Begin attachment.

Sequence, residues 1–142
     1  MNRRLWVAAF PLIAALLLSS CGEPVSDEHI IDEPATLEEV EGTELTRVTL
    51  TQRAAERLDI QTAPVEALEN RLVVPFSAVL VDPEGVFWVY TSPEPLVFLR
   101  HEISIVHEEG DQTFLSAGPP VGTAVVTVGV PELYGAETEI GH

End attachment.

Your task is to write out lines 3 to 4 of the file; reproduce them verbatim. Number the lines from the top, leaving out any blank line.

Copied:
    51  TQRAAERLDI QTAPVEALEN RLVVPFSAVL VDPEGVFWVY TSPEPLVFLR
   101  HEISIVHEEG DQTFLSAGPP VGTAVVTVGV PELYGAETEI GH